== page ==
3. The rise of specialisation 
Investors expect small- to mid-cap biotech to have the greatest upside potential. In stark contrast to the past emphasis on diversification of therapeutic focus in the sector, the trend today is toward continued specialisation, with pharma divesting non-core assets. 

In the biopharma sector, it is expected that we will see continued focus on innovation in targeted therapies and gene therapy, although there is a view that trying new modalities on new and underserved therapeutic categories introduces too much risk. Therefore, we will likely see a continued and healthy focus on small molecule therapeutics, utilising new AI drug discovery approaches to elucidate new targets. Interestingly, neurology and cardiovascular (e.g., acute heart failure) therapeutic areas are making a comeback after years of reduced R&D focus and investment.

Leadership implications: We are seeing an even greater need for leadership in novel therapeutic modalities such as cell and gene therapy, not just in R&D but also in tech ops and regulatory affairs given the niche challenges around supply chain that come with these therapies. As more cell and gene therapies are developed and an increasing number of regulatory approvals are obtained, there will be a heightened need to operate at scale. 

In our opinion, we will likely see the greatest moves in large pharma versus biotech because of the scale of investment required to move the needle on the truly ground-breaking innovation necessary to overcome regulatory and access hurdles. We anticipate more talent will move back from biotech into large pharma, where companies are experiencing cultural transformation through (or as a result of) the biotech acquisitions they have made.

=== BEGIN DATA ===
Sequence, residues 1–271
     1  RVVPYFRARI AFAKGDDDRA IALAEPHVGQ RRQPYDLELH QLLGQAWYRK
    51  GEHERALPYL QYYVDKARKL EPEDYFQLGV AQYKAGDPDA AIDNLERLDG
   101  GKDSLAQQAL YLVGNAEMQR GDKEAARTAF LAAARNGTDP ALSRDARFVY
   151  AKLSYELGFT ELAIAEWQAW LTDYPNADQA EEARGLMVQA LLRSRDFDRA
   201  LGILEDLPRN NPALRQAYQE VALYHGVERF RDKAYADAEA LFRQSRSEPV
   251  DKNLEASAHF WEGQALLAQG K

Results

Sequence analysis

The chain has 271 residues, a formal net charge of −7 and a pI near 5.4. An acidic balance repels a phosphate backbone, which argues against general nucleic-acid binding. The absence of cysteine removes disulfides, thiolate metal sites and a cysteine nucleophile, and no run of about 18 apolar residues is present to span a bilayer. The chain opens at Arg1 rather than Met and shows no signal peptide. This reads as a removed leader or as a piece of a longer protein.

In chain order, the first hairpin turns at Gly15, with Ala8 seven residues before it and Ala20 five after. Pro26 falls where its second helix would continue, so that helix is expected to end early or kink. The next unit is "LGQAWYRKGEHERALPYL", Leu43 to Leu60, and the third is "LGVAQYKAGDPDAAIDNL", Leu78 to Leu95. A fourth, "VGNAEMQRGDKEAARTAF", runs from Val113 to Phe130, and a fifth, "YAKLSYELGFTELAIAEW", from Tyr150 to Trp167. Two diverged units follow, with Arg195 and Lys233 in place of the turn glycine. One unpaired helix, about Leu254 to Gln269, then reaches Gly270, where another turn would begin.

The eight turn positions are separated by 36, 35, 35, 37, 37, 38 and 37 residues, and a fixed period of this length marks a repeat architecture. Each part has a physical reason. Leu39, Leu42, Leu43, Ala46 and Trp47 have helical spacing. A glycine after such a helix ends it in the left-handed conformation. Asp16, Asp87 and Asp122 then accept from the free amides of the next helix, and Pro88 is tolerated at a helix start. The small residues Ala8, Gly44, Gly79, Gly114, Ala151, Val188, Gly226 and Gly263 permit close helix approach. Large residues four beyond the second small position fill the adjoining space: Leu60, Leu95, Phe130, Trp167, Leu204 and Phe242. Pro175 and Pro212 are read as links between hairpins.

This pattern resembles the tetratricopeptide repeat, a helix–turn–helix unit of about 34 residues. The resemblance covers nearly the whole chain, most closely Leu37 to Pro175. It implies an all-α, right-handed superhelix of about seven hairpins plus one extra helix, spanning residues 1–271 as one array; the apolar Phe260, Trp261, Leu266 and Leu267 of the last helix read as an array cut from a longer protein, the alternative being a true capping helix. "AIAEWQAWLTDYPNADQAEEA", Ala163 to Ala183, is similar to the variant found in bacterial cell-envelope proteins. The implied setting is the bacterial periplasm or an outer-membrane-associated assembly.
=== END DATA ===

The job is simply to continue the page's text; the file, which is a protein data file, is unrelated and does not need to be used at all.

4. Confidence in the US market 
There is greater confidence in the US market today, although with an election in November 2020, this will be tested. The US market is perceived to have more investment opportunities compared to Europe, particularly in the biotech segment, where the growing sentiment is that the European stock markets may not be able to support innovative companies. Interestingly, we are also seeing increased access in Asia and developing markets, which are more receptive to biosimilars than the US market. Access will be the name of the game. 

Leadership implications:
 We see an unstable biotech talent pool, especially in markets like the Bay Area and Boston, and the challenge is keeping leaders engaged when there is a culture of high turnover. In Europe and other markets like Asia, there is a relative scarcity of talent. Thus, there is a growing need to develop leaders and provide them with broad-based experiences to equip them to take on leadership roles in biopharma. Experience in Asia (especially China) is becoming highly prized given the growth in this market. Tracking expat leaders and attracting talent to the region will no doubt expand the leadership pool in these markets.

5. A higher bar for innovation